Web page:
Most Americans know about the U.S. Transcontinental Railway. But did you know that Canada has its own coast-to-coast railroad known as the Canadian Pacific Railway?
A map in the Burt Buffum Papers shows the railway connecting the Atlantic and Pacific coasts along Canada’s southern border. The final spike was driven into the Railway in 1885.
The railway also has routes into the U.S. These routes were bought after the railway was built. The original route would have crossed into the U.S. between the Great Lakes and gone through a large part of the Midwest.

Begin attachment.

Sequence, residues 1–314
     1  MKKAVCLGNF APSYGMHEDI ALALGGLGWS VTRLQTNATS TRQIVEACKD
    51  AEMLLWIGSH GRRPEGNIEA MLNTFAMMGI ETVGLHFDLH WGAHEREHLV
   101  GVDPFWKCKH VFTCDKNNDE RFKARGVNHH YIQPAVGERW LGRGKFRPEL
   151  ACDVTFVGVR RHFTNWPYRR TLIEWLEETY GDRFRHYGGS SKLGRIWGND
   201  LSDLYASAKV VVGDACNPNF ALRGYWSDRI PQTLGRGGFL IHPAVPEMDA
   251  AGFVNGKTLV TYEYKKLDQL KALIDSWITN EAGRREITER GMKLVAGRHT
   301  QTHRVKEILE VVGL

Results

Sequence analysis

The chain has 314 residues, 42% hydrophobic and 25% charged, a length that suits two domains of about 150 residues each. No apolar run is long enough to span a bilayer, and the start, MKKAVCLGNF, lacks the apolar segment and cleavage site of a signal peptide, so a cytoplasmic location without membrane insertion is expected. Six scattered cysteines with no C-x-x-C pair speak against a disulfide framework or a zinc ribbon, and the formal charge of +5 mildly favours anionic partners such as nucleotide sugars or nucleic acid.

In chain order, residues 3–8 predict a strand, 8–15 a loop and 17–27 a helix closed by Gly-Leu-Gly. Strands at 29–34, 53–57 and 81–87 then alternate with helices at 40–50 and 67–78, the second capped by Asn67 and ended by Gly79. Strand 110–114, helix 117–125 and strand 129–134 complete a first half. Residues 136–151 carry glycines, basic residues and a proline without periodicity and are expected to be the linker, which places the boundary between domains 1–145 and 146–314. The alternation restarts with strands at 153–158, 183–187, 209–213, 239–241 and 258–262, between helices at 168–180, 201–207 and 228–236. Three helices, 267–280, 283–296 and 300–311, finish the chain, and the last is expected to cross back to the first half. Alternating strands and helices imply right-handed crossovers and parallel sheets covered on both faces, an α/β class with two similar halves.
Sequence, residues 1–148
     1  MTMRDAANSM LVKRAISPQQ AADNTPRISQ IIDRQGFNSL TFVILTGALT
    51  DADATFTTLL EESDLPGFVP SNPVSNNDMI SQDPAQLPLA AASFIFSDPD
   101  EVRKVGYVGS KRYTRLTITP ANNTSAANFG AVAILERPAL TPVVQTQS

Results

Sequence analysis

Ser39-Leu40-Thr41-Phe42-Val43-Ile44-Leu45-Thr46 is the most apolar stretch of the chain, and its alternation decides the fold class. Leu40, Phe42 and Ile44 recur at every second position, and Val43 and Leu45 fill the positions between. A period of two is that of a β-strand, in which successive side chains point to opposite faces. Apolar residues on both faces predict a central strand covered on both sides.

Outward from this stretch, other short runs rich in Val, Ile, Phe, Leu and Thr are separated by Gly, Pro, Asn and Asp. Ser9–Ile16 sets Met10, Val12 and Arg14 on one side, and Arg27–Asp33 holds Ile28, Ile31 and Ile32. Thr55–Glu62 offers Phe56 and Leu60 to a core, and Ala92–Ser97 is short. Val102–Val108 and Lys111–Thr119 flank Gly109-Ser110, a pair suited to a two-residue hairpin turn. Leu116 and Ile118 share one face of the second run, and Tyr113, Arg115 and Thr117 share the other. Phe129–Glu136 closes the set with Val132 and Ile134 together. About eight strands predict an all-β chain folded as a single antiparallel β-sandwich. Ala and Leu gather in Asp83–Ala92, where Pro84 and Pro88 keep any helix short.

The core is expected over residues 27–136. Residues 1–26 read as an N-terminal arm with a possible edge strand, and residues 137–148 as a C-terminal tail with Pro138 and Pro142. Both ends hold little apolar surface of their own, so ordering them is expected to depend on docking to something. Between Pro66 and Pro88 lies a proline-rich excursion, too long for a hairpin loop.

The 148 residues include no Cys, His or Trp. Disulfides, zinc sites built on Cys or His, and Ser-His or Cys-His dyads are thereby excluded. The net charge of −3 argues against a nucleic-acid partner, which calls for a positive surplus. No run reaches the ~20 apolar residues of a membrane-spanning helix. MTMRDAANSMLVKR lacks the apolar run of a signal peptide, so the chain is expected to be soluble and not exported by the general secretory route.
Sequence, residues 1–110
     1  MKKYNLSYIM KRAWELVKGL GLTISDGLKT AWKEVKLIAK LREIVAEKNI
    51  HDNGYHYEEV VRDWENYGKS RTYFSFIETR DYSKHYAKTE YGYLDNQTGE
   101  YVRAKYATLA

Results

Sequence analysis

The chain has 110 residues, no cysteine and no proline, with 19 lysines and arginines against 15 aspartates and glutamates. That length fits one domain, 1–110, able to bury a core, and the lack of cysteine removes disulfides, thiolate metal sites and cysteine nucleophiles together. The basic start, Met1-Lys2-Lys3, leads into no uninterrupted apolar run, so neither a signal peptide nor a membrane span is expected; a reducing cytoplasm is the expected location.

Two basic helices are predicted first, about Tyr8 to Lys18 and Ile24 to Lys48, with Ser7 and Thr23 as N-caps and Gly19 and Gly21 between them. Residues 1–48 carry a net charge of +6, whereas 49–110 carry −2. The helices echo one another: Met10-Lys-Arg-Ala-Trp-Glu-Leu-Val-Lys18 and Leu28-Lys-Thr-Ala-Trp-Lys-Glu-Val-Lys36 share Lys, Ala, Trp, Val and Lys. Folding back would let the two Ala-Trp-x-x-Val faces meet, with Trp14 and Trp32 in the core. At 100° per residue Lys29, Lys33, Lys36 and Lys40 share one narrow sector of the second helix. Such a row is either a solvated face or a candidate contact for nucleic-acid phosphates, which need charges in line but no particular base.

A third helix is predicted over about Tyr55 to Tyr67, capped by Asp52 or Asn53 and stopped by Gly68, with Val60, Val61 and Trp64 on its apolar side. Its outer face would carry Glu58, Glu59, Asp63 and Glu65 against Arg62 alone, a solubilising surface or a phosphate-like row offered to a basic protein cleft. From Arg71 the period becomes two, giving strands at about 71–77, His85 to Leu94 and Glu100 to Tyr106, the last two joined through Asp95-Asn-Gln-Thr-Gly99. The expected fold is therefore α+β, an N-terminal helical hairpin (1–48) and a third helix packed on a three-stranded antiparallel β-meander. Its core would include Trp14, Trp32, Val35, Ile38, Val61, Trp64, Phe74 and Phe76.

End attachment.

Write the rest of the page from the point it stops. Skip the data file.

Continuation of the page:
But the Canadian Pacific Railway never got its route through the U.S. Instead a path was built through the treacherous northern Rocky Mountains. Upon completion, the railway traveled only through Canada itself.
Thanks to the railway, Western Canada saw a spike in settlement.
Extensive documents on railways in Canada and the United States can be found at UW’s American Heritage Center.